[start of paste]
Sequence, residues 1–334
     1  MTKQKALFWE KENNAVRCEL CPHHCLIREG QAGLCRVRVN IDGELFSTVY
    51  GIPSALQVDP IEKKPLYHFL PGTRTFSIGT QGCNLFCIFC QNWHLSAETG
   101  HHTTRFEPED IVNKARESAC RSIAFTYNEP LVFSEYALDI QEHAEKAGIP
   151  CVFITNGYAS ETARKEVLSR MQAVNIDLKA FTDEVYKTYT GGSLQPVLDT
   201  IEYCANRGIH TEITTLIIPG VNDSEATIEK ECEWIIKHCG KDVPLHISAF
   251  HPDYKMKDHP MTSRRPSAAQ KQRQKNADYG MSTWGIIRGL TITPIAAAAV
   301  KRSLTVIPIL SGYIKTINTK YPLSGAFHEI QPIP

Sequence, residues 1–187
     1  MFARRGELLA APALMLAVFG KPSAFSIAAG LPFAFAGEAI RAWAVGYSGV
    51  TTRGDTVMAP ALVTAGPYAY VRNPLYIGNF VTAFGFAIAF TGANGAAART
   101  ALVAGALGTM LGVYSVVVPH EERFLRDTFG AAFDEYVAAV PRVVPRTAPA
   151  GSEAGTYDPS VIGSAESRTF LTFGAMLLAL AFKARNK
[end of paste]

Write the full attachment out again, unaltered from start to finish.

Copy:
Sequence, residues 1–334
     1  MTKQKALFWE KENNAVRCEL CPHHCLIREG QAGLCRVRVN IDGELFSTVY
    51  GIPSALQVDP IEKKPLYHFL PGTRTFSIGT QGCNLFCIFC QNWHLSAETG
   101  HHTTRFEPED IVNKARESAC RSIAFTYNEP LVFSEYALDI QEHAEKAGIP
   151  CVFITNGYAS ETARKEVLSR MQAVNIDLKA FTDEVYKTYT GGSLQPVLDT
   201  IEYCANRGIH TEITTLIIPG VNDSEATIEK ECEWIIKHCG KDVPLHISAF
   251  HPDYKMKDHP MTSRRPSAAQ KQRQKNADYG MSTWGIIRGL TITPIAAAAV
   301  KRSLTVIPIL SGYIKTINTK YPLSGAFHEI QPIP

Sequence, residues 1–187
     1  MFARRGELLA APALMLAVFG KPSAFSIAAG LPFAFAGEAI RAWAVGYSGV
    51  TTRGDTVMAP ALVTAGPYAY VRNPLYIGNF VTAFGFAIAF TGANGAAART
   101  ALVAGALGTM LGVYSVVVPH EERFLRDTFG AAFDEYVAAV PRVVPRTAPA
   151  GSEAGTYDPS VIGSAESRTF LTFGAMLLAL AFKARNK